What does Mike Bickle believe about materialism?

People who believe in Ghosticism believe that owning anything that is not critical for life is evil. While many in the IHOPKC do not have much and live by faith, they do not believe that those who do have are less spiritual. I know of several millionaires that are from the community in Kansas City.

Mike Bickle did sell his home and moved to a much smaller home when he started IHOPKC. The guy has given all his royalties to the paying the electric bills for the house of prayer. He raises his own support as a missionary and until a few years ago, drove a 1996 Honda Accord. He is not against people having nice things, he just cares more about seeing revival in America than what year of a car he drives.


If anything, they believe that God is raising up people who are blessed in business to supply the needs for the coming revival. They call them the “Joseph Company.” They believe that many will be blessed in the marketplace to fund outreaches globally. As a missionary, I have been blessed personally by IHOPKC.

They clearly do not agree with the tenets of Ghosticism. I think this is another misunderstanding based on a few selected clips that have been spread around the internet that do not really tell people the completely theological position of Mike Bickle.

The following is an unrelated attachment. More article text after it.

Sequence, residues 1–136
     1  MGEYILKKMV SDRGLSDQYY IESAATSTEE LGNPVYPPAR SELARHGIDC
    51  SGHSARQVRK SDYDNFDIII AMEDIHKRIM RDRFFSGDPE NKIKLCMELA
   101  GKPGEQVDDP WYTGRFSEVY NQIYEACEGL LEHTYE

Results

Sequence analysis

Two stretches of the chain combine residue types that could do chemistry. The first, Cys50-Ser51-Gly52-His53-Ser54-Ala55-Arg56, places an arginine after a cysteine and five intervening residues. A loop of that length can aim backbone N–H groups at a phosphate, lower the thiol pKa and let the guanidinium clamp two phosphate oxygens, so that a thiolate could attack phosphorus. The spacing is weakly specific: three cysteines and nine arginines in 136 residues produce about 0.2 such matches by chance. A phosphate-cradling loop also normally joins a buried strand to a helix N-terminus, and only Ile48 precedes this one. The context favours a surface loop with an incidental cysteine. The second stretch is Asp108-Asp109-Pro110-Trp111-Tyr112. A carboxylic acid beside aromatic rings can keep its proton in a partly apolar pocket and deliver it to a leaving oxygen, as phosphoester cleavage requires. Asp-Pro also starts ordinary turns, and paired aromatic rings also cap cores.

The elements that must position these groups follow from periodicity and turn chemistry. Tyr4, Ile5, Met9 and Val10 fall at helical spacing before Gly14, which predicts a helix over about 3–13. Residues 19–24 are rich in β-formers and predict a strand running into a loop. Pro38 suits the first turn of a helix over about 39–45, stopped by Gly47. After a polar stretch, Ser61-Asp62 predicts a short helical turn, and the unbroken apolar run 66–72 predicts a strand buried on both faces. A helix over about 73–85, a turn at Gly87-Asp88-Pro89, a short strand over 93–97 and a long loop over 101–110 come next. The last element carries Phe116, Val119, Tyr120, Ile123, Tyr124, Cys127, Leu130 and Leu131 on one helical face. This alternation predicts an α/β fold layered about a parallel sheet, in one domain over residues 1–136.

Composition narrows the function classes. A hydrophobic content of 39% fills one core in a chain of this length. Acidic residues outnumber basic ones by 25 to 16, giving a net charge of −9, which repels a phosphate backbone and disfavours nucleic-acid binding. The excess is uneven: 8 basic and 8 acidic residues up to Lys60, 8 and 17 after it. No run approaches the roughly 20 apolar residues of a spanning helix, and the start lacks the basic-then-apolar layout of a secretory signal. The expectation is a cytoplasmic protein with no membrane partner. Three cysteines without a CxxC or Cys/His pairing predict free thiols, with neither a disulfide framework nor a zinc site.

What about the divine spark?

As a proud Pentecostal, I am promise you that if Mike or anyone else preached that you have to be special to recieve the Baptism of the Holy Spirit, I would have personally rebuked them. The truth is the second century view of people that believes in Ghosticism is about as far from what they teach in Kansas City. I know. I was there.

They believe and have since the days of Kansas City Fellowship believed that the Baptism of the Holy Spirit was for everyone and anyone who wishes to be filled with the Spirit will be. Where Bickle departs from Pentecostal theology on this is the issue of praying in tongues being the evidence. He holds that any spiritual gift is evidence.


The idea that they would teach that only special people could be anointed to receive the Baptism of the Holy Spirit is offensive to me as a former staff member. For people to think I would have sit in meetings, lead prayer meetings and travel with people who believe they are elite people and only they could have the Acts 2 experience is sickening.

While IHOPKC could be much stronger on the baptism of the Holy Spirit and praying for people to receive it, they are far from people that is for only the select few people who have a platform for ministry. Therefore, they are not believers in Ghosticism in this area, either.

I hope this little study into what it is and is not has helped someone. Not every blog out there has first hand knowledge and a theological background. I happen to be one that has both. I still love IHOPKC, Mike Bickle and everyone who helped me become the evangelist I am today.


For more information, I recommend reading Some say it thundered by David Pawson. Click here to order it. (buying it here helps keep the lights on)